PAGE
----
3. All About Fennel


4. A Pinch of Saffron: Herbal Tapas


5. A Book Review: The Bountiful Container

Here's one that's full of our favorite recipes because we wrote the book! It is also full of information, helpful hints and ideas for using herbs and spices in your kitchen.

Rosalind Creasy knows all about using food plants to round out your yard. She pioneered the idea 25 years ago. This updated edition includes 300 inspiring photographs.

 A luscious book from the Herbfarm kitchen-nursery filled with unusual ideas for using fresh herbs. See's review of this book.

Enjoy It


With all the different types and flavors of oregano, we can take advantage of it in the garden and the kitchen.  Grow the common garden variety oregano, origanum vulgare for its colorful flowers. Try Cuban oregano for both its lovely foliage and for a new taste in your cooking.


To release the most flavor, rub the dried leaves between your fingertips before adding to recipes. Experiment in your cooking with the many different types of oregano to learn about the intricacies of the flavors.


Eat It


Below are three recipes that are enhanced by Greek oregano.  Here in the test kitchen, we realized that we actually preferred dried oregano in the soup.  Fresh is preferable in the White Bean Puree because it adds much needed color to the pale yet flavorful dip.


Adding the dried oregano in two different increments during the cooking time of the fennel provides an interesting flavor kick. We used the dried version but, as we have learned, fresh would be equally good. Simply follow the rule of converting fresh to dried herbs--one teaspoon dried is the equivalent to one tablespoon fresh.



White Bean Puree with Fresh Oregano


1  cup dried small white beans, soaked overnight in water to cover

5  cloves garlic, peeled

1 1/2  teaspoons salt, or to taste

1/4 teaspoon freshly ground black pepper

1  bay leaf

2  Tablespoons extra-virgin olive oil

2  Tablespoons minced fresh oregano


Place the soaked beans in a 2-quart saucepan with plenty of water over high heat and bring to a boil; skim any foam that floats to the top.  Reduce the heat to maintain a hard simmer and cook for 30 minutes.  Add the garlic, 1 teaspoon of the salt, 1/8 teaspoon of the pepper and the bay leaf.  Simmer for another 30 minutes; add the remaining 1/2 teaspoon salt and 1/8 teaspoon pepper.  Continue cooking until the beans are very soft. Actual cooking time will vary with the freshness and size of your beans.  Check frequently and add water as necessary to keep the beans submerged.


Drain the beans but reserve the cooking liquid. Remove the bay leaf and discard.  Puree beans using a food processor, hand-held mixer or potato masher, adding small amounts of the cooking liquid to achieve the texture of refried beans.  Stir in the olive oil and oregano.  Taste to check seasonings.  Serve warm or at room temperature with bread, pita chips, crackers or fresh veggies.  Makes about 1 1/2 cups.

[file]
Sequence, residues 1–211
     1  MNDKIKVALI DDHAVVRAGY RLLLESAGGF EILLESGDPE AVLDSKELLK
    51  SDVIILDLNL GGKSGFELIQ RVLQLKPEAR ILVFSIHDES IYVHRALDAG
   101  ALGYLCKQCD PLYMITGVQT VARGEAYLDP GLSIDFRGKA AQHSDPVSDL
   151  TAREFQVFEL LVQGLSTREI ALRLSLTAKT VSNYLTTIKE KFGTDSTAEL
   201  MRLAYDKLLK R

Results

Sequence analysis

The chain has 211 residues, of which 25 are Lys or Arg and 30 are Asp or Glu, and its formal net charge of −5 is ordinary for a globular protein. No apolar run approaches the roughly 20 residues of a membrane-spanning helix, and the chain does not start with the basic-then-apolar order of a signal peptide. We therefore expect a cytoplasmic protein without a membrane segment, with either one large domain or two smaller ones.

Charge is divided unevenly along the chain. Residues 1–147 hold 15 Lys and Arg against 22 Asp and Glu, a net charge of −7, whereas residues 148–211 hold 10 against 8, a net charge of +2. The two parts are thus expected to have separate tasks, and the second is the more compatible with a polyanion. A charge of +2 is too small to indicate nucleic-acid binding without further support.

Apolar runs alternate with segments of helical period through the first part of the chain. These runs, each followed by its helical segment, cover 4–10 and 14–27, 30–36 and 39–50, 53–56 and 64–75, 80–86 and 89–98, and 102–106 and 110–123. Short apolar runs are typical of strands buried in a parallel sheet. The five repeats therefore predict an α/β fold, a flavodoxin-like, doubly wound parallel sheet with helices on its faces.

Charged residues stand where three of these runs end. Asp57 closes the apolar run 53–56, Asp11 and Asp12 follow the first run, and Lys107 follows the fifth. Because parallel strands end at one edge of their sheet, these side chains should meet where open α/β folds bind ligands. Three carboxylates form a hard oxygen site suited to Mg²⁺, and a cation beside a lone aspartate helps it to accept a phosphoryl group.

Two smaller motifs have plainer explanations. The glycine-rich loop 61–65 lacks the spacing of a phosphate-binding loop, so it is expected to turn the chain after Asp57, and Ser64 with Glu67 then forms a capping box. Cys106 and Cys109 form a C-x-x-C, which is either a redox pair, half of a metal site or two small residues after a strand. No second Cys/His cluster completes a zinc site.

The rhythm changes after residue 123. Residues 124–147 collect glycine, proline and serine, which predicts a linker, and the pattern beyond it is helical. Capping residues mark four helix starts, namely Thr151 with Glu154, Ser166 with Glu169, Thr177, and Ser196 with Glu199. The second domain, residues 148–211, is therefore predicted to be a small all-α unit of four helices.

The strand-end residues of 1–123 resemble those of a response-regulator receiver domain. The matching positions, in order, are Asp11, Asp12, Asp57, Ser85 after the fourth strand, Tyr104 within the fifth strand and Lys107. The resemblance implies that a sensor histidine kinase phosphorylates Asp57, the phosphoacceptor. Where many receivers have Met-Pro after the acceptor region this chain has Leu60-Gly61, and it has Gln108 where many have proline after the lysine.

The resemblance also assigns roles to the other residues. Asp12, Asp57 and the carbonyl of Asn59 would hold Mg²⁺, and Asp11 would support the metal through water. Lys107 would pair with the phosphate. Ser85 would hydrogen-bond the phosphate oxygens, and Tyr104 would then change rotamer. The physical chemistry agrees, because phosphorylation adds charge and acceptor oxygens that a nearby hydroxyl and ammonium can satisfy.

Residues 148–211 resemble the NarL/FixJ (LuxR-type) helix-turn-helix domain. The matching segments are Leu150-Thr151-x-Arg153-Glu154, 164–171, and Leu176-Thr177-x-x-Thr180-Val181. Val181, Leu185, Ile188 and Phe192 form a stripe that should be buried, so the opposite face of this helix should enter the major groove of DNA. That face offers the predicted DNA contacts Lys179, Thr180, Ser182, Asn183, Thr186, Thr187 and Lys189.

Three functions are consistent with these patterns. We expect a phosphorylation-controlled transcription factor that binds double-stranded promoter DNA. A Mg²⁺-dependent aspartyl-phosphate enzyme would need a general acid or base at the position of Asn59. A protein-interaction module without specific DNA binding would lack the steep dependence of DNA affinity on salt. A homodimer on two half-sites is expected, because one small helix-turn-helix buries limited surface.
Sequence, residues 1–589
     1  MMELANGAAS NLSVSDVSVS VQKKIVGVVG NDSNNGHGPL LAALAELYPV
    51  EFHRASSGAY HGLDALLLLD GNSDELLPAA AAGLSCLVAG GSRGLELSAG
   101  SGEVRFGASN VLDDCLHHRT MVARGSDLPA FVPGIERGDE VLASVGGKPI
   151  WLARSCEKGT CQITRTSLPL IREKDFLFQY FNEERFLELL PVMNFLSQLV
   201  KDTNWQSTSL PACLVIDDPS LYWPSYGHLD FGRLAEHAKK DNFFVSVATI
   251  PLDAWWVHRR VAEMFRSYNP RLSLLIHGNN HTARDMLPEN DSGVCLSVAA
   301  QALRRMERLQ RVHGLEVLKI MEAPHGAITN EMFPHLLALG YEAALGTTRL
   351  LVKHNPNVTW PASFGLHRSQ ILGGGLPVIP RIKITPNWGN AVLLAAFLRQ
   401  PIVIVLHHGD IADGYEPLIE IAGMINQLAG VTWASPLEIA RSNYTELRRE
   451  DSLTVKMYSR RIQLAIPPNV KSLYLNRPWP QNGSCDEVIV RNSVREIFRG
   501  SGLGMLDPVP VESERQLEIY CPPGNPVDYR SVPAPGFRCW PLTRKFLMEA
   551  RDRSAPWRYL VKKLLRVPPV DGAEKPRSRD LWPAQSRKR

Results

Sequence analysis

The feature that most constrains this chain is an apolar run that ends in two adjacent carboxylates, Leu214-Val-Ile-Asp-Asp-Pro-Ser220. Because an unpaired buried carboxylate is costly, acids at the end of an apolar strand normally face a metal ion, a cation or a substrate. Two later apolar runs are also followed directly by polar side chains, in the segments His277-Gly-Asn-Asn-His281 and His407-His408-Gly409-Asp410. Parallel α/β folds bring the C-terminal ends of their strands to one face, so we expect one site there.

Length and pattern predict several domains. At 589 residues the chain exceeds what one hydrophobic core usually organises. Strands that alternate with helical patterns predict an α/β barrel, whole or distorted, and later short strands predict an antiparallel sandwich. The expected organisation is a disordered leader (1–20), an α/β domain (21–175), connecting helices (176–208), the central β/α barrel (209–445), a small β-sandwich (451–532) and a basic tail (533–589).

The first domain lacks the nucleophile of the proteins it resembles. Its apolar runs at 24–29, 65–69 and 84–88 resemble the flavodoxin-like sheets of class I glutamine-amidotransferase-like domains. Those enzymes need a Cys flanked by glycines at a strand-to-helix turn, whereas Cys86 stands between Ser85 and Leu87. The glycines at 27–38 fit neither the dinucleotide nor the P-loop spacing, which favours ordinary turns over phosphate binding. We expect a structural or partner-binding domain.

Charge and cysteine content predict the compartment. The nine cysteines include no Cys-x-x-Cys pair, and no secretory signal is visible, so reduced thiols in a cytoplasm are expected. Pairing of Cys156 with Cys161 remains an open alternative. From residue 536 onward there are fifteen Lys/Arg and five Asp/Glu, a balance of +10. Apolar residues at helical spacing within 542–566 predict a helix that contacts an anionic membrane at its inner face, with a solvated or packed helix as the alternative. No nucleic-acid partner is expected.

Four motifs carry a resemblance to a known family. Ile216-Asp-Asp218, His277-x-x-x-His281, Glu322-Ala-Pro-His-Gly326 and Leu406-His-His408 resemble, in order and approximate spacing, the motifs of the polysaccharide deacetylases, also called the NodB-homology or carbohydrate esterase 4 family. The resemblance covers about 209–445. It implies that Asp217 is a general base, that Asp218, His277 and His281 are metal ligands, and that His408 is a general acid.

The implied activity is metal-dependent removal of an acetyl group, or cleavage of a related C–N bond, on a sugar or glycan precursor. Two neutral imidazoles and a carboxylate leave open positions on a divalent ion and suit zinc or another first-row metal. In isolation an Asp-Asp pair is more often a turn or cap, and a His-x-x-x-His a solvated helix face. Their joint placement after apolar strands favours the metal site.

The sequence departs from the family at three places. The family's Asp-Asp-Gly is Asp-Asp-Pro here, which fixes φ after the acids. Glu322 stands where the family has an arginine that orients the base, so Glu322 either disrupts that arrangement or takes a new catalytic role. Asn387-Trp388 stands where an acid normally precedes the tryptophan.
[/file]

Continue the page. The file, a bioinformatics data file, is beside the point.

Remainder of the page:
A QUICKER VERSION:  Use canned beans and roasted garlic.




Soup of Pasta and Garbanzos


1 Tablespoon olive oil

3/4 cup finely chopped onion

1 clove garlic, minced

1 cup canned chopped tomatoes, with juice

1 Tablespoon minced fresh oregano, or 1 teaspoon dried

2 cups beef broth

1 can (15 ½ ounces) garbanzo beans, rinsed, drained and divided

3/4 cup (about 2 ounces) small-shaped pasta (like sea shells)

1/4 teaspoon crushed red pepper, if desired

Salt and freshly ground pepper, to taste

1/4 cup extra-virgin olive oil, for serving

1/4 cup freshly grated Parmesan cheese, for serving


As you begin the soup, bring a large pot of salted water to a boil for cooking the pasta.  Place half the can of garbanzo beans into a small bowl and mash with a fork.


Heat the olive oil over medium-high heat in a 2-quart saucepan.  Add the onion; cook and stir for 2 minutes.  Stir in the garlic, cooking and stirring 1 minute more.  Add the tomatoes and oregano; reduce heat and cook 3-5 minutes, or until most of the liquid has evaporated.  Stir in the beef broth and mashed garbanzo beans.  Maintain the soup at a simmer until the pasta is finished.


Meanwhile, after the pasta water has come to a boil, add the pasta and cook according to package directions.


Just before draining the pasta, stir the remaining whole garbanzo beans into the soup along with the crushed red pepper, if using. Taste; season with salt and pepper, as needed. Stir in the drained cooked pasta.


Divide the soup between four shallow bowls. Drizzle each with 1 Tablespoon extra-virgin olive oil and sprinkle each serving with 1 Tablespoon of the cheese; serve immediately.  Makes four 1 1/4 cup servings.


Sliced and Braised Fennel


1 fennel bulb

1 teaspoon olive oil

1 teaspoon butter

1/4 cup sliced onion

1 clove garlic, sliced

1/2 teaspoon dried oregano, divided

1/4 cup chicken stock

Salt and pepper, to taste


To prepare the fennel, cut off the fronds and stalks just at the bulb. Mince about 2 teaspoons of the dill-like foliage for a garnish; set aside. Store remaining fronds and stalks for another use. Remove the tough outer layer of the fennel bulb and begin slicing thin strips, starting at the top and working your way down to the root end, stopping when you start cutting into the tough root.


Heat the oil and butter in a medium skillet over medium-high heat. Add the sliced fennel along with the onion and garlic. Saute 3-5 minutes until softened and beginning to brown. Stir often to prevent overbrowning. Sprinkle with 1/4 teaspoon of the oregano and pour in the chicken stock; cover and reduce heat to low. Simmer for about 10 minutes, stirring occasionally.  Remove the cover, season with the remaining oregano and the salt and pepper. Increase the heat slightly and continue cooking until the liquid has evaporated. Taste; adjust seasonings if necessary.  Sprinkle with minced fennel foliage and serve right away.


Makes 2 or 3 servings.



McVicar's loyal following as well as the critics love this beautiful book. Although written for gardeners, culinary enthusiasts will also find it helpful.